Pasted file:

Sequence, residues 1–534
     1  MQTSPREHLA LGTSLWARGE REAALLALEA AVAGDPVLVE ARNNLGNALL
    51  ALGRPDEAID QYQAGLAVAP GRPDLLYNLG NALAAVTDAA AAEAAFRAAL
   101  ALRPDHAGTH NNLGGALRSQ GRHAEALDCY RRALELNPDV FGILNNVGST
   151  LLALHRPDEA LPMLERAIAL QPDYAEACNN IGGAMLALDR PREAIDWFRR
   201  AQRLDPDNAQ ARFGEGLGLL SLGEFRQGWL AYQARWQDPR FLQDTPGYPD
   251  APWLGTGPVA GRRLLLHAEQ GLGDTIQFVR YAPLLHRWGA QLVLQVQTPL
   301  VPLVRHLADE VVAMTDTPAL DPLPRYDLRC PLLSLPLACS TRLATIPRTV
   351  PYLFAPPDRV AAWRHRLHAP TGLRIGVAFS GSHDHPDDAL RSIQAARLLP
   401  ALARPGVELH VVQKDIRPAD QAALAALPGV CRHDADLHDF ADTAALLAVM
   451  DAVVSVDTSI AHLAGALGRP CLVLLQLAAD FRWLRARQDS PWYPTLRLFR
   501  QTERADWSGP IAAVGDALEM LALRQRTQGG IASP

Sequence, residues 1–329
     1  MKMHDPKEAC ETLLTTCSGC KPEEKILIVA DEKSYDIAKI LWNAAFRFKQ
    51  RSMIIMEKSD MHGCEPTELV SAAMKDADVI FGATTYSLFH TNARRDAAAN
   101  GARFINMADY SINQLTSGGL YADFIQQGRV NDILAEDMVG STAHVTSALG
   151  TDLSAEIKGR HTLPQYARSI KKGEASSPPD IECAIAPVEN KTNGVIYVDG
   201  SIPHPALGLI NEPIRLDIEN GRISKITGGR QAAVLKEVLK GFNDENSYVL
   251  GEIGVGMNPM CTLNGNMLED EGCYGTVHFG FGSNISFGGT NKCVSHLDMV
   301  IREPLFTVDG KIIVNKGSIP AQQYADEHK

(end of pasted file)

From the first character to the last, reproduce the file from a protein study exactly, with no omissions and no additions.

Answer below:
Sequence, residues 1–534
     1  MQTSPREHLA LGTSLWARGE REAALLALEA AVAGDPVLVE ARNNLGNALL
    51  ALGRPDEAID QYQAGLAVAP GRPDLLYNLG NALAAVTDAA AAEAAFRAAL
   101  ALRPDHAGTH NNLGGALRSQ GRHAEALDCY RRALELNPDV FGILNNVGST
   151  LLALHRPDEA LPMLERAIAL QPDYAEACNN IGGAMLALDR PREAIDWFRR
   201  AQRLDPDNAQ ARFGEGLGLL SLGEFRQGWL AYQARWQDPR FLQDTPGYPD
   251  APWLGTGPVA GRRLLLHAEQ GLGDTIQFVR YAPLLHRWGA QLVLQVQTPL
   301  VPLVRHLADE VVAMTDTPAL DPLPRYDLRC PLLSLPLACS TRLATIPRTV
   351  PYLFAPPDRV AAWRHRLHAP TGLRIGVAFS GSHDHPDDAL RSIQAARLLP
   401  ALARPGVELH VVQKDIRPAD QAALAALPGV CRHDADLHDF ADTAALLAVM
   451  DAVVSVDTSI AHLAGALGRP CLVLLQLAAD FRWLRARQDS PWYPTLRLFR
   501  QTERADWSGP IAAVGDALEM LALRQRTQGG IASP

Sequence, residues 1–329
     1  MKMHDPKEAC ETLLTTCSGC KPEEKILIVA DEKSYDIAKI LWNAAFRFKQ
    51  RSMIIMEKSD MHGCEPTELV SAAMKDADVI FGATTYSLFH TNARRDAAAN
   101  GARFINMADY SINQLTSGGL YADFIQQGRV NDILAEDMVG STAHVTSALG
   151  TDLSAEIKGR HTLPQYARSI KKGEASSPPD IECAIAPVEN KTNGVIYVDG
   201  SIPHPALGLI NEPIRLDIEN GRISKITGGR QAAVLKEVLK GFNDENSYVL
   251  GEIGVGMNPM CTLNGNMLED EGCYGTVHFG FGSNISFGGT NKCVSHLDMV
   301  IREPLFTVDG KIIVNKGSIP AQQYADEHK